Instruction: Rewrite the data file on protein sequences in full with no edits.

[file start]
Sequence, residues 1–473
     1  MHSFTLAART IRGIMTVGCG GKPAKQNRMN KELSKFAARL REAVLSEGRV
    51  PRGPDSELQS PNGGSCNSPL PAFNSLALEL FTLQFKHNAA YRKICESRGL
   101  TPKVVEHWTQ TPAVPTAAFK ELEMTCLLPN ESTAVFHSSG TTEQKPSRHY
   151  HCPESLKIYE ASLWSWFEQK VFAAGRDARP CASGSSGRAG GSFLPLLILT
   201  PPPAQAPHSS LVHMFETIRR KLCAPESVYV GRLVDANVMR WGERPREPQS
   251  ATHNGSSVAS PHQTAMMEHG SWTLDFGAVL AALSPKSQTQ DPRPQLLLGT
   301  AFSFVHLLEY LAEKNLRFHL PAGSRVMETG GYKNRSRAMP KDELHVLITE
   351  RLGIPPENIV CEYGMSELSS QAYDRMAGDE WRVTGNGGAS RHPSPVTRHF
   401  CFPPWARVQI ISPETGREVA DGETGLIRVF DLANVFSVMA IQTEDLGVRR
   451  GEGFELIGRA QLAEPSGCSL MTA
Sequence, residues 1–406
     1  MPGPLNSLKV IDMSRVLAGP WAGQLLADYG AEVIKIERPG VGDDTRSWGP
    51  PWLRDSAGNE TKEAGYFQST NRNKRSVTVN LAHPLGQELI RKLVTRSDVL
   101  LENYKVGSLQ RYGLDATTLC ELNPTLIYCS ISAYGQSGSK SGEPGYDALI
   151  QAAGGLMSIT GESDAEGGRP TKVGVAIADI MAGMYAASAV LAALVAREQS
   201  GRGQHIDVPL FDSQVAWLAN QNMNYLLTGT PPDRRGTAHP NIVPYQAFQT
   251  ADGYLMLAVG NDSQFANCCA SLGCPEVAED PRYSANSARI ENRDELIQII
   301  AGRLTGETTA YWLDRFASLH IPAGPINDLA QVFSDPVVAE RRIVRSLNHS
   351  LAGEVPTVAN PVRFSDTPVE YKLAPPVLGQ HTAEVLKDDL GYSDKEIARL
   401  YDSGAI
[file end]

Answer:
Sequence, residues 1–473
     1  MHSFTLAART IRGIMTVGCG GKPAKQNRMN KELSKFAARL REAVLSEGRV
    51  PRGPDSELQS PNGGSCNSPL PAFNSLALEL FTLQFKHNAA YRKICESRGL
   101  TPKVVEHWTQ TPAVPTAAFK ELEMTCLLPN ESTAVFHSSG TTEQKPSRHY
   151  HCPESLKIYE ASLWSWFEQK VFAAGRDARP CASGSSGRAG GSFLPLLILT
   201  PPPAQAPHSS LVHMFETIRR KLCAPESVYV GRLVDANVMR WGERPREPQS
   251  ATHNGSSVAS PHQTAMMEHG SWTLDFGAVL AALSPKSQTQ DPRPQLLLGT
   301  AFSFVHLLEY LAEKNLRFHL PAGSRVMETG GYKNRSRAMP KDELHVLITE
   351  RLGIPPENIV CEYGMSELSS QAYDRMAGDE WRVTGNGGAS RHPSPVTRHF
   401  CFPPWARVQI ISPETGREVA DGETGLIRVF DLANVFSVMA IQTEDLGVRR
   451  GEGFELIGRA QLAEPSGCSL MTA
Sequence, residues 1–406
     1  MPGPLNSLKV IDMSRVLAGP WAGQLLADYG AEVIKIERPG VGDDTRSWGP
    51  PWLRDSAGNE TKEAGYFQST NRNKRSVTVN LAHPLGQELI RKLVTRSDVL
   101  LENYKVGSLQ RYGLDATTLC ELNPTLIYCS ISAYGQSGSK SGEPGYDALI
   151  QAAGGLMSIT GESDAEGGRP TKVGVAIADI MAGMYAASAV LAALVAREQS
   201  GRGQHIDVPL FDSQVAWLAN QNMNYLLTGT PPDRRGTAHP NIVPYQAFQT
   251  ADGYLMLAVG NDSQFANCCA SLGCPEVAED PRYSANSARI ENRDELIQII
   301  AGRLTGETTA YWLDRFASLH IPAGPINDLA QVFSDPVVAE RRIVRSLNHS
   351  LAGEVPTVAN PVRFSDTPVE YKLAPPVLGQ HTAEVLKDDL GYSDKEIARL
   401  YDSGAI